Best in the West
In 1993, Sid Peterson Memorial Hospital once again received national recognition when it was designated as one of the top 10 hospitals in the western United States in a federal study based on Medicare data. The study put SPMH in the company of such famous facilities as Houston’s M.D. Anderson Cancer Center and the UCLA Medical Center in Los Angeles.
The hospital continued to grow and embarked on another major construction and renovation project included the construction of a new emergency department and renovation of the hospital’s first floor and exterior.
In 1997 the hospital embarked on another major construction and renovation project. This $9 million project included the construction of an expanded emergency department and renovation of the hospital's first floor and exterior, and was completed in February 2000.
Off-Campus Land Purchased, Ambulatory Care Center Developed
In the summer of 1997, the hospital's board of directors approved the purchase of a 35-acre plot of land bordered by Cully Street and Hill Country Drive and about a mile from the hospital's main campus. This land was purchased to allow for the future expansion of hospital and health care services, should the existing downtown campus prove inadequate.
A year later the hospital broke ground for an outpatient services center on the 35-acre site. In June 2000, the Peterson Regional Ambulatory Care Center opened its 52,000 square foot facility providing outpatient imaging, laboratory, rehabilitation, infusion therapy and same-day surgical services.
Keeping in touch with community needs has been important to the hospital since its beginning. Services and buildings have expanded to meet the demands of the thriving Hill Country communities surrounding the medical center. The hospital’s primary service area consists of Kerr, Kimble, Bandera and Real Counties, with a secondary service area including Gillespie and Kendall counties.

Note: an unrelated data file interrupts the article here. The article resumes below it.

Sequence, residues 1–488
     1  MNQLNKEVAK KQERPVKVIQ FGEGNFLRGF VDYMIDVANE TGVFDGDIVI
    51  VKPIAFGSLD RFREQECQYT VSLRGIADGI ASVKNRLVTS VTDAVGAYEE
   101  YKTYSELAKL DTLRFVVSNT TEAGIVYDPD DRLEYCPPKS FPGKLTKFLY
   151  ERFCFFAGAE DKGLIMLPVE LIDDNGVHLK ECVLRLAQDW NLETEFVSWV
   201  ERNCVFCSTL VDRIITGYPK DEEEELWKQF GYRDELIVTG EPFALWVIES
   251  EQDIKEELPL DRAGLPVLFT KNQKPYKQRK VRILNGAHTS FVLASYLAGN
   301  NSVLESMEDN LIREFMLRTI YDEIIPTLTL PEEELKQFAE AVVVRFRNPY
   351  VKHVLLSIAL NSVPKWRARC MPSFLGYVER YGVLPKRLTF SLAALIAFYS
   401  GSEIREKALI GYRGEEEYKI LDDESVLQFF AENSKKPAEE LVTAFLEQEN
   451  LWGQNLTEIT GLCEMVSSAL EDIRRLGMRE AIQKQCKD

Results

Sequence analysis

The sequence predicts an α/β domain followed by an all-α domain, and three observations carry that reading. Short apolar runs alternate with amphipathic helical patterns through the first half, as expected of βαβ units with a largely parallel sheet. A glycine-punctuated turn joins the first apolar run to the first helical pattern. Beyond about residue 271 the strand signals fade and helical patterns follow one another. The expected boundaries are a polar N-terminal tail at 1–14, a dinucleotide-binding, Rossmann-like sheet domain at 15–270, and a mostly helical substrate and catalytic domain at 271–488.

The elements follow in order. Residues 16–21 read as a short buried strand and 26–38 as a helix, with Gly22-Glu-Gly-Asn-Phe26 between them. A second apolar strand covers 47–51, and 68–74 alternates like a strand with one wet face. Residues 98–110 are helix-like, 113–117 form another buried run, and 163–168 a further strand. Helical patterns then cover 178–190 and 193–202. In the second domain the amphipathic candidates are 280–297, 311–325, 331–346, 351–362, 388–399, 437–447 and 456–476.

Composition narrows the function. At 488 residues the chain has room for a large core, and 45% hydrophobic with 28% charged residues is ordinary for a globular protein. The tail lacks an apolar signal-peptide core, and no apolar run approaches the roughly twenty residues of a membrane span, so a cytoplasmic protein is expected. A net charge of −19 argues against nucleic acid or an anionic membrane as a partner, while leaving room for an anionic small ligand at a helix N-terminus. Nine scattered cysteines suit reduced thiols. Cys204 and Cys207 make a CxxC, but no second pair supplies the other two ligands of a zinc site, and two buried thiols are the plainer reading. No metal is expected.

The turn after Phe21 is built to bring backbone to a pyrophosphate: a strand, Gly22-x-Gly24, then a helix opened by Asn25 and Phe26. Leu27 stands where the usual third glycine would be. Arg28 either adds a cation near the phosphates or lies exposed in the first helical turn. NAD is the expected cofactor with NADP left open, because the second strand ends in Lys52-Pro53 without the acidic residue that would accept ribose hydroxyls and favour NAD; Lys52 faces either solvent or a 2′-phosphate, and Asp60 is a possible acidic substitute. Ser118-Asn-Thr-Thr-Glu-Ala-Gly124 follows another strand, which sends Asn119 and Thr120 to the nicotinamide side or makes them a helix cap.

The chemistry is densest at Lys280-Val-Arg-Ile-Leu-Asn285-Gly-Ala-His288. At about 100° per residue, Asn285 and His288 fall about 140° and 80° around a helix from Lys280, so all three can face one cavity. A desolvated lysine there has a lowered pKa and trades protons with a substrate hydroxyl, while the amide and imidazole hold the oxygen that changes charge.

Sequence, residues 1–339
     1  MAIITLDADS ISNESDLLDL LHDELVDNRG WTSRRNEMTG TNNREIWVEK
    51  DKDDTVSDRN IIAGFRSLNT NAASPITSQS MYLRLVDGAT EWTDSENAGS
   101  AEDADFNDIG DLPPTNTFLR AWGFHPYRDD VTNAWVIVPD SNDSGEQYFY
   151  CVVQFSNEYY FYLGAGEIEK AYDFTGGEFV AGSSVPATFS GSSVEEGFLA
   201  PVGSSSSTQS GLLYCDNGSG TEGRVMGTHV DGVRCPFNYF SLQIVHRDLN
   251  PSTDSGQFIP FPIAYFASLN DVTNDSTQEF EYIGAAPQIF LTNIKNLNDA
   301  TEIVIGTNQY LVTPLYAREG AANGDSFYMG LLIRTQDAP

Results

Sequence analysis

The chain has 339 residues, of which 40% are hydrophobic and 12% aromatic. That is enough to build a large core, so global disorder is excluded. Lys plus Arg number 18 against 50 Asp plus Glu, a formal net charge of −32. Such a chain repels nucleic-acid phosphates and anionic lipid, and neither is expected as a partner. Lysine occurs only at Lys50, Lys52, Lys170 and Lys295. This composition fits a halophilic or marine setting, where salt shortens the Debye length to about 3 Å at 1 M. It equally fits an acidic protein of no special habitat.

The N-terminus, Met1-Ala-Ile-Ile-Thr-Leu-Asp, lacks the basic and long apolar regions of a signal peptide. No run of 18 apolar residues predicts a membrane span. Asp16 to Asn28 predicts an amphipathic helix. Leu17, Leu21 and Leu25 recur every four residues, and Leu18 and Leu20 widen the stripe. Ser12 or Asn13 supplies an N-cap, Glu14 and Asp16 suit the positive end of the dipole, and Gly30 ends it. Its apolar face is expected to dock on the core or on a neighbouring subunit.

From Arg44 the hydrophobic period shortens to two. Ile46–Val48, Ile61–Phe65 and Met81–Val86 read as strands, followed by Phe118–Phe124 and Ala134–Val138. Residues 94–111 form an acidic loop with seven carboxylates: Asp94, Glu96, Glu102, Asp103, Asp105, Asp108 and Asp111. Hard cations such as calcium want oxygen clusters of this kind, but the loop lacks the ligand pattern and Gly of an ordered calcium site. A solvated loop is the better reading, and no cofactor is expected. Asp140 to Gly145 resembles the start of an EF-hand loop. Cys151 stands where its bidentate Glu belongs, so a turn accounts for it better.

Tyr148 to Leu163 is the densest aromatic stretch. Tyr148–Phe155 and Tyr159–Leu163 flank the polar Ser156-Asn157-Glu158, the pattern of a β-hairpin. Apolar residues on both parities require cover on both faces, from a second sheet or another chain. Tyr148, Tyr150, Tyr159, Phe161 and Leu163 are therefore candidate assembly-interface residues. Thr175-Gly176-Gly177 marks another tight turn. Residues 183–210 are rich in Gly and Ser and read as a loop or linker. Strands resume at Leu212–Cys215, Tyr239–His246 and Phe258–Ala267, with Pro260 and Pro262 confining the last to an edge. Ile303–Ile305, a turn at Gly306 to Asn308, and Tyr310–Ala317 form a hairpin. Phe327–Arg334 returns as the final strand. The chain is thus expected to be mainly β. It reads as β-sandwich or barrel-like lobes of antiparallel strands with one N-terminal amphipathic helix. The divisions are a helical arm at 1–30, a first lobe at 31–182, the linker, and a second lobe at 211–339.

In July 2002, an $800,000 Acute Rehabilitation Unit opened. Located on the 7th floor of the main campus, The Rehabilitation Unit at SPMH was the first inpatient rehabilitation care facility created to serve the residents of the Hill Country. Up to that time, physicians had to refer their patients needing inpatient rehab care to San Antonio or Austin facilities. An exceptional medical director specializing in rehabilitation medicine heads a team of rehab experts who work with appropriately qualified patients-typically those diagnosed with stroke, paralysis, arthritis, amputation, complex hip or knee fracture, multiple trauma and/or neurological disorders.
On June 17, 2004 SPMH took a giant step forward in planning for the future healthcare needs of the communities served when the administration and board announced plans to build a new hospital. The cost of the new facility came to $75 million, $60 million of which would be secured through bond sales and $15 million in private donations.
In 2005 it was announced that the new hospital would officially take on the name Peterson Regional Medical Center. The name modification paid tribute to the Peterson legacy of service while more accurately reflecting the new medical center’s role as the premier healthcare facility in the Hill Country. The 2005 ground breaking for the new facility initiated the largest construction projects in Kerrville history.
April 2008 brought grand opening ceremonies and an open house for the new Peterson Regional Medical Center. More than 3,000 friends and neighbors from across the Hill Country attended and toured their new medical center.